Can Fitbit detect AFib?

Researchers track whether wearable fitness devices such as Fitbit can detect atrial fibrillation (AFib).

As of 2019, there were 28 million active users of the physical activity tracker, Fitbit,1 and at least 19% of Americans owned a wearable activity tracker.2 Fitbit devices are popular fitness trackers, and the market for activity tracking devices is only expected to grow. The forecast for wearables activity tracker shipments worldwide is expected to reach 631.7 million shipments by 2024.3

Usually, activity trackers such as Fitbit are worn on the wrist like a watch. There are many different models of Fitbit devices. Depending on the type, the wearables can track a variety of physical data, such as exercise, intensity, inactivity, steps taken, heart rate, blood pressure, and even amount and quality of sleep.

Fitbits use different tracking sensors to measure physical data. Most wearables use accelerometers or gyroscopes to measure activity levels. Global positioning systems (GPS) and barometers are also used to accurately measure activity and movement. The different sensors all have differing levels of accuracy, but do not use as much battery life.4

Activity trackers can also be used to measure blood pressure, fluid electrolytes, and cardiac output, but are not commonly available in wristband form.

Healthcare practitioners quickly realized the potential value of fitness trackers as a means to monitor health conditions. Because they provide a more accurate assessment of a person’s activity levels, healthcare practitioners could rely on data from the health trackers instead of foggy memories. Data on exercise intensity would no longer be subjective but could be quantified for real time assessment. Fitness trackers also have value as motivators of healthy behaviors and can help wearers set and reach their fitness goals.

One such common, but difficult to detect condition is atrial fibrillation (AFib). Atrial fibrillation is an abnormal heartbeat. It occurs when the upper chambers of the heartbeat irregularly, out of sync with the lower chambers5  AFib can lead to stroke or heart failure (heart.org). AFib affects up to 34 million people worldwide but is difficult to detect.6 Often people experiencing AFib do not show any outward symptoms.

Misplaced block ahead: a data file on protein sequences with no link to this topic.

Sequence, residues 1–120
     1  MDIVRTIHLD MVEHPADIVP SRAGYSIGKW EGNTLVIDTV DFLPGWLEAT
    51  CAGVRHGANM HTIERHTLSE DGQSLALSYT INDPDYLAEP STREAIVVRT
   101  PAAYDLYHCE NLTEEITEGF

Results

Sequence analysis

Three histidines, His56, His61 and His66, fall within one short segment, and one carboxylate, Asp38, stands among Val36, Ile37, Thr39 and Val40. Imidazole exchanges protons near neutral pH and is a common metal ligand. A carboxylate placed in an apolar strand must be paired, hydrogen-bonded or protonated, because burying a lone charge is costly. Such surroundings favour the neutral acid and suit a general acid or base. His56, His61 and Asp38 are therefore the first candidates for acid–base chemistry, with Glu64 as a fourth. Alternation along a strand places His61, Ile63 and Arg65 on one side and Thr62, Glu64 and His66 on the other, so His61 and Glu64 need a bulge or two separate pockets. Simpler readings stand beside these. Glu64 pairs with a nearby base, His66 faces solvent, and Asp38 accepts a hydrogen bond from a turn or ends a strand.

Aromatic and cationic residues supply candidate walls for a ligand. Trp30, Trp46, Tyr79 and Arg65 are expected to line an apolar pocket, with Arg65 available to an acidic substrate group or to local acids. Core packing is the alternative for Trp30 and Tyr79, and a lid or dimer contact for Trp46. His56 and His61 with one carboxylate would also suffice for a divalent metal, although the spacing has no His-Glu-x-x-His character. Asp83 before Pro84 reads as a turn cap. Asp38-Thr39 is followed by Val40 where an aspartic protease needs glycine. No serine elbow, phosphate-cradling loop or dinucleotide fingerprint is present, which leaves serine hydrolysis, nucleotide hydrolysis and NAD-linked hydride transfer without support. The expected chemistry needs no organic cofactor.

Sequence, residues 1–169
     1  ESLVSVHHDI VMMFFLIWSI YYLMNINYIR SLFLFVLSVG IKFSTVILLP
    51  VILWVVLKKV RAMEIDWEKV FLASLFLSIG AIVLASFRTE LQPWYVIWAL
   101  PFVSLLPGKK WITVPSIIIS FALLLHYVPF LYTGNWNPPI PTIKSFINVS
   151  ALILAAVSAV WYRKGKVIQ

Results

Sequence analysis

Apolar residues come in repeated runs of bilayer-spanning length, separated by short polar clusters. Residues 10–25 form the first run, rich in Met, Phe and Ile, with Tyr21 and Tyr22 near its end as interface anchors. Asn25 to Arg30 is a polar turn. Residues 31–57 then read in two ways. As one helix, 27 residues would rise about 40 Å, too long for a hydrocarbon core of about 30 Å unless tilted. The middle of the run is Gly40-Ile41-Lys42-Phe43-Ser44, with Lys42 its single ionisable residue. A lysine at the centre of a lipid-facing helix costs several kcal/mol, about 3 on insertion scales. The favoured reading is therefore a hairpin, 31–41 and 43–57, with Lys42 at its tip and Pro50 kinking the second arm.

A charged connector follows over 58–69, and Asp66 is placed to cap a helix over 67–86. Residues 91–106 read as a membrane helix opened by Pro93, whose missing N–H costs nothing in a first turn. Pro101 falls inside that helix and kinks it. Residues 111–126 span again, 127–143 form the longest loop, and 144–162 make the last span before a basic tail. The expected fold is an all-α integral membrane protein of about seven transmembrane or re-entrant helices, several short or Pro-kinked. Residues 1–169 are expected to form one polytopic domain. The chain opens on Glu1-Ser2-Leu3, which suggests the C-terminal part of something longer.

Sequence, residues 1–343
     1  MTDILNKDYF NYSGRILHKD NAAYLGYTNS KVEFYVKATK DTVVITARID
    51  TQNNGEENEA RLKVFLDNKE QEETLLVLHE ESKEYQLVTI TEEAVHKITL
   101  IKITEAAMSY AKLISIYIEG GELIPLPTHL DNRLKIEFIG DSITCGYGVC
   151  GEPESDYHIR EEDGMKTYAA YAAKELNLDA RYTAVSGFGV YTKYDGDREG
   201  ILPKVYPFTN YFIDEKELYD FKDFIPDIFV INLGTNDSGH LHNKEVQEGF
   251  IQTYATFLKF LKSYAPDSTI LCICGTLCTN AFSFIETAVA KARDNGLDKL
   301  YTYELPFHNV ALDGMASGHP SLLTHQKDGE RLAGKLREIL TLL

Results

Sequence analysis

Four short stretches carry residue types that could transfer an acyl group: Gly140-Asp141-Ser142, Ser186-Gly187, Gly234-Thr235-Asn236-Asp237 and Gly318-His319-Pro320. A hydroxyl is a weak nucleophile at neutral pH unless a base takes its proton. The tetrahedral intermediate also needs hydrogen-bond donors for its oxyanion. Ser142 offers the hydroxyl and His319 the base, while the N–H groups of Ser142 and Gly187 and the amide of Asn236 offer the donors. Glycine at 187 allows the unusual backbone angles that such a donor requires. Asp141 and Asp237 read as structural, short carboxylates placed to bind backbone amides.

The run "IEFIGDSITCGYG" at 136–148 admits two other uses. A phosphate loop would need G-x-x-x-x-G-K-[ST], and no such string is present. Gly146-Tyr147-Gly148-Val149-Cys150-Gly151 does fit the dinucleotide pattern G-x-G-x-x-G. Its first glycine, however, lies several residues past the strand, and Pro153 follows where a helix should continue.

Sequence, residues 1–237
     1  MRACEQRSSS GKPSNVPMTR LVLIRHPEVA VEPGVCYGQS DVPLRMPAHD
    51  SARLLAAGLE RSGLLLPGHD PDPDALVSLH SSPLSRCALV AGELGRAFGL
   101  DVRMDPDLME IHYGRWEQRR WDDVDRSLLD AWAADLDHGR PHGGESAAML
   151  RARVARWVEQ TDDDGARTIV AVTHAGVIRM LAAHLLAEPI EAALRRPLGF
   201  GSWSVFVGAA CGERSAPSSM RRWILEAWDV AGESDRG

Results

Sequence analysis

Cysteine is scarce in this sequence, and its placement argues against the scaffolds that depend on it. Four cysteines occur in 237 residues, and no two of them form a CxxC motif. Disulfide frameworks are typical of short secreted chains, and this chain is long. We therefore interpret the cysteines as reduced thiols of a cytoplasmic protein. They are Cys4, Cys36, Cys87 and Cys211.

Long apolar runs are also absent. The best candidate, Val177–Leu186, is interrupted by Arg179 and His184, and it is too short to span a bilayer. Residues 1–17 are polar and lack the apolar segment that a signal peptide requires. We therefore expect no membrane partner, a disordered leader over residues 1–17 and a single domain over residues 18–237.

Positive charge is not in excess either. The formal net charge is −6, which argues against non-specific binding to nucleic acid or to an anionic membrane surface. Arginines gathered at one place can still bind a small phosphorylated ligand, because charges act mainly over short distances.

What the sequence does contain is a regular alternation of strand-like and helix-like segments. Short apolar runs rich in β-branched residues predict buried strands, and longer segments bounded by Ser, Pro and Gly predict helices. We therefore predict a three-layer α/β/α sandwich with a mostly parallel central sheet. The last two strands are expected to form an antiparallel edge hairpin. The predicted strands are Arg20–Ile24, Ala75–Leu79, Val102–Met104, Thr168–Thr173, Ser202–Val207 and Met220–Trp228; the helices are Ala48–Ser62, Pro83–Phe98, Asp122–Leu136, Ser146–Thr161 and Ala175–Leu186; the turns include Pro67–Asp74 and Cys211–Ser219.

Because of the prevalence and the popularity of activity trackers, healthcare practitioners wondered can Fitbit detect AFib? To determine can Fitbit detect AFib, healthcare practitioners at Fitbit conducted a large-scale clinical trial in 2020 called the Fitbit Heart Study.7

Participants in the Fitbit Heart Study wore Fitbit activity trackers and reported heart data. Any participant that showed signs of AFib was alerted and connected with a healthcare practitioner for a virtual appointment. Fitbits’ sensors use photoplethysmography (PPG) technology to measure blood flow and heart rates.  From this, the Fitbit algorithm calculated heart rhythm, which allowed it to detect atrial fibrillation if it occurred.7

The Fitbit Heart Study showed that Fitbit’s algorithm was 98.8% successful in AFib detection, and 100% accurate in identifying normal heart rhythms. The FDA granted 510(k) clearance for the device.8

The AFib algorithm is available to users of the Fitbit Sense, the company’s first wearable with an ECG app. The device contains an electrodermal activity sensor for stress management, and up to six hours of battery life.

While an activity tracker is not a substitute for regular check-ups with your healthcare practitioner, it did answer the question, ‘Can Fitbit detect AFib?’ with a resounding yes. It is important to remember that activity trackers can be part of a holistic personal health program. The data they provide helps users get up and leave the sedentary lifestyle behind them.

One should always consult their healthcare practitioner before beginning any new diet or exercise plan.

References

Image by Daniel Reche from Pixabay

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